Troy Polamalu is one of the latter. In his first three years in the league (2003-05), he was indestructible. He started every game in that span.

    Since then, he has started all 16 games in a season once (2008). He only started five games in 2005, and has missed two complete games this year. He left yesterday's game early and never returned. He was seen with his lower leg wrapped up.

    The shame of the Troy Polamalu story is that there is no doubt he was on his way to being a Hall of Famer. Those of us who have seen him play a lot know the former Defensive Player of the Year could make plays not many could.

    He seemed to have a knack for finding the ball or the ball-carrier, and it often seemed that he would deviate from the defensive play call to improvise his own play. Often, it worked out very well for the Black and Gold.

    Nowadays, he spends most of his time either so deep in coverage that you hardly know he is on the field, or he is actually not on the field. If Troy Polamalu is not playing all over the field, including near the line of scrimmage, he is not being Troy Polamalu.

    Unfortunately, it might be time to draft the next Polamalu, if there is such a player.

Lesson 4: Ben Roethlisberger Is Making a Case for MVP of the Steelers

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    I've said it before and I will say it again: Without Ben Roethlisberger, this team would be a train wreck.

    He is simply the best player on the roster right now, bar none.

    The receivers are dropping passes all over the field. The running backs have been ineffective. The offensive line can barely block. The defense is getting old and is a shadow of its former self. Starters are getting hurt on both sides of the ball.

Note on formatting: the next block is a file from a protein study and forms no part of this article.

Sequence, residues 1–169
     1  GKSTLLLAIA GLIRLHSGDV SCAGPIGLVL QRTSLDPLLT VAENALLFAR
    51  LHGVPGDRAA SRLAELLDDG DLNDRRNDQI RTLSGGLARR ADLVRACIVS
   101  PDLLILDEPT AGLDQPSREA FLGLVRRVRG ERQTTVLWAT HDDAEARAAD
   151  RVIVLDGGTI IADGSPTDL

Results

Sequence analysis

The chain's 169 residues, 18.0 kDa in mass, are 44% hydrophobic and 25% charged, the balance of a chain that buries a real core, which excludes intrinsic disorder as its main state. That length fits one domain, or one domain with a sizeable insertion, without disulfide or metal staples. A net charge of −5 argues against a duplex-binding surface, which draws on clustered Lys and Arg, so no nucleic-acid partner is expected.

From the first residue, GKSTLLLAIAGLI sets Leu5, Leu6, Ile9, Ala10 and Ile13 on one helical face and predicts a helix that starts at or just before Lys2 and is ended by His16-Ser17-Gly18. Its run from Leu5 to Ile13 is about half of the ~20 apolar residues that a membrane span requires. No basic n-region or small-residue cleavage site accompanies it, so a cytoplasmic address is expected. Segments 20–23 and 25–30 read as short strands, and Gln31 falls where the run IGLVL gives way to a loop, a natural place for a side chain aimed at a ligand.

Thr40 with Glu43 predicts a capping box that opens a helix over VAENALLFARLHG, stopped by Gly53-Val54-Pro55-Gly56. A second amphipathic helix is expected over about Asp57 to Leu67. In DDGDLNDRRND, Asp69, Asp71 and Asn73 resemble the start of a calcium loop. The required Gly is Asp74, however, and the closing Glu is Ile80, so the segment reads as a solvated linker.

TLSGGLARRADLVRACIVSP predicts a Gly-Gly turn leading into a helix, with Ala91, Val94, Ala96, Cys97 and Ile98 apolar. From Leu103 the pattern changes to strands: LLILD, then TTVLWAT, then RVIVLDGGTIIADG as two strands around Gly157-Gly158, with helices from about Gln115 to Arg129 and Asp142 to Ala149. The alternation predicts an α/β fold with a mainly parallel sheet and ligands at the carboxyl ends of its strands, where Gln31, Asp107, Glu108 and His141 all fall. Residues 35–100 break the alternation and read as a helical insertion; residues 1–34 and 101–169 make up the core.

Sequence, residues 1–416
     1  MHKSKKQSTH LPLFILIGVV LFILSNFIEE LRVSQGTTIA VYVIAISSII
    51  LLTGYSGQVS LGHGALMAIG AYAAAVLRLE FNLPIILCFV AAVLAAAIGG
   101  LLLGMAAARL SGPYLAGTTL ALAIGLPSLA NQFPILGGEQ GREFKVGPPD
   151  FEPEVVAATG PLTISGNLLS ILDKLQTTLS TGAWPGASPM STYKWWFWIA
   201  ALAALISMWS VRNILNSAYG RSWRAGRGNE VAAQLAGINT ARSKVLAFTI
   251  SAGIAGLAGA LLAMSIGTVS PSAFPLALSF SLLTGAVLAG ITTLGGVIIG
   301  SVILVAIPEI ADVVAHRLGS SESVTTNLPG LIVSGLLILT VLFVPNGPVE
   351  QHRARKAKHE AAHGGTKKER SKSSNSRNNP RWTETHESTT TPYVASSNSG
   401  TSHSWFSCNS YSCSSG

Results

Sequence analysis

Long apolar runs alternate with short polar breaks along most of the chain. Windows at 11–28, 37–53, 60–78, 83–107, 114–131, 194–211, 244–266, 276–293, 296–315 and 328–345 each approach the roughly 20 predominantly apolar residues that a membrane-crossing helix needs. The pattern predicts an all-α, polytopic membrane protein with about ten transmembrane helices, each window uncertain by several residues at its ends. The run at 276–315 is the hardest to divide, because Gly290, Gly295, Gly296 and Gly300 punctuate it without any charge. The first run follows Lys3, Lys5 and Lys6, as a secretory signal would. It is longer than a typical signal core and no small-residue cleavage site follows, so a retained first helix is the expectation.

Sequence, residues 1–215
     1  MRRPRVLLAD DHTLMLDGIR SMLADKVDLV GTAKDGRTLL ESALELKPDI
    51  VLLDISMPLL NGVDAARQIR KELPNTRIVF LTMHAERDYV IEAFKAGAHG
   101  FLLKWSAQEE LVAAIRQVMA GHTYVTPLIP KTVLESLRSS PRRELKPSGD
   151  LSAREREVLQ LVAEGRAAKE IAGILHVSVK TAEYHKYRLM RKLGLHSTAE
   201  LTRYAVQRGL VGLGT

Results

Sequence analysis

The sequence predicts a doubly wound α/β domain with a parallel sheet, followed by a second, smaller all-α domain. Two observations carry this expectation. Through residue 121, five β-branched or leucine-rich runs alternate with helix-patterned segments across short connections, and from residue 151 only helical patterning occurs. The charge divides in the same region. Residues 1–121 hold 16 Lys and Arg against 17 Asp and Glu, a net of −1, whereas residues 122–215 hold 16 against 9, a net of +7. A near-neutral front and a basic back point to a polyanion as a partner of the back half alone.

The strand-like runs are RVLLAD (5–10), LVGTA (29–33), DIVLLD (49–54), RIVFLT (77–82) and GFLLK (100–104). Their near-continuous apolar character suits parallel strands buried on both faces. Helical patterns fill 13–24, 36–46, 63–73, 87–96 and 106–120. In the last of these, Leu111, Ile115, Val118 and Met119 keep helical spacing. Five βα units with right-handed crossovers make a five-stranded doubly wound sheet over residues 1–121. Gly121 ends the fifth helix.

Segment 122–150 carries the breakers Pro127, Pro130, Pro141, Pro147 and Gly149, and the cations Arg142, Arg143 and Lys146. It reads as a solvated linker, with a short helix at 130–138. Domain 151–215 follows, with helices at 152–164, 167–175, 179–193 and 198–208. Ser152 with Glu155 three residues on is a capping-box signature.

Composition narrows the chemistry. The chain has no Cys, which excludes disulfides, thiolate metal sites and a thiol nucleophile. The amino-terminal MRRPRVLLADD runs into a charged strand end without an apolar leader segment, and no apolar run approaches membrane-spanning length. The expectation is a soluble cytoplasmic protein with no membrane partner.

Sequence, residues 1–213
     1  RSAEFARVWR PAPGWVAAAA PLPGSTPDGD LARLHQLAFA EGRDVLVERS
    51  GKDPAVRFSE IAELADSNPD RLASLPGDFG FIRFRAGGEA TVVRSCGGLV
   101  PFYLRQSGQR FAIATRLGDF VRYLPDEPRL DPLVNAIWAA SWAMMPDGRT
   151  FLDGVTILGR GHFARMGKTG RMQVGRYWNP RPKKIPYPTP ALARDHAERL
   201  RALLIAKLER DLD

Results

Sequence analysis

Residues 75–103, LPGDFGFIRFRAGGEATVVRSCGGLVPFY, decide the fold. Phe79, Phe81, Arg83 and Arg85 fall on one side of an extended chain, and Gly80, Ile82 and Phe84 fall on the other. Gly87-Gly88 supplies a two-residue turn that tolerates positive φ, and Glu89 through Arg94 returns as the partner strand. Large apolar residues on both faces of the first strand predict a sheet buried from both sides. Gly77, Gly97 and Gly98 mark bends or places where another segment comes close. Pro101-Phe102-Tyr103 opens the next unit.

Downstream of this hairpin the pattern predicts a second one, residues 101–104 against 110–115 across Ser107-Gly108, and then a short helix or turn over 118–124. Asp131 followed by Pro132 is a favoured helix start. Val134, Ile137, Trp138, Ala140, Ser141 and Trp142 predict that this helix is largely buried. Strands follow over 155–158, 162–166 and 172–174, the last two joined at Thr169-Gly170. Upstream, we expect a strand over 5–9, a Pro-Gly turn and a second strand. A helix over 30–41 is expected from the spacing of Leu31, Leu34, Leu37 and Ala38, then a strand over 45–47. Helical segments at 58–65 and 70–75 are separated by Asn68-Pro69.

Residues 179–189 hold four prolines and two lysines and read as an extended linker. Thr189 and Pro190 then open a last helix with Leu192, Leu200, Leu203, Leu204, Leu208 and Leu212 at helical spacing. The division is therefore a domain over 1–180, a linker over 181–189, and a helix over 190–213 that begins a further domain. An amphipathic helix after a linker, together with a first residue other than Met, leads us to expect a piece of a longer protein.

The only constant is Big Ben.

    Yesterday, he didn't do anything spectacular, but he didn't hurt the team with a stupid throw late in the game to lose, either. (We've seen that from Ben from time to time.)

    Ben has eight touchdown passes in four games this year. That puts him on pace to match his career best of 32 for the year. He has thrown one interception. At that rate, he will have thrown four picks all year, beating his career best by one.

    On top of that, he is on pace to throw for more yards than he has in any year of his career by nearly 400 yards.

    He's still getting sacked, but even that is not as bad as it has been in recent years, and he certainly doesn't seem to be taking the savage beatings he took in games over the last five years.

    You can make a strong case that the Steelers are 2-2 because of Ben Roethlisberger, not in spite of him.

    He is clearly the leader of the team on either side of the ball.

Lesson 5: Winning Ugly Is Still Winning

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    There were a couple of ugly wins in the NFL this week. The Rams didn't exactly dominate in their win over the Cardinals. The Ravens barely squeaked by the winless Chiefs.

    And the Steelers had to drive for a game-winning field goal late in the game.

    When it is all said and done, though, a win is a win. As long as you score more than the opponent, that's what matters.

    If you offered me eight more wins right now, I would take it and run. I wouldn't care if they won by an average of one point or by 30 a game.

    Do you think the Ravens are happy they couldn't score against the Chiefs? They have one of the best offenses in the NFL, scoring 26.0 points per game. Of course they aren't happy about their performance.

    One of the hallmarks of a good team, however, is the ability to win even when you are not playing your best.

    And that is what the Steelers are going to have to do until they get themselves on track on both sides of the ball.

    Win ugly, Black and Gold. We'll take them.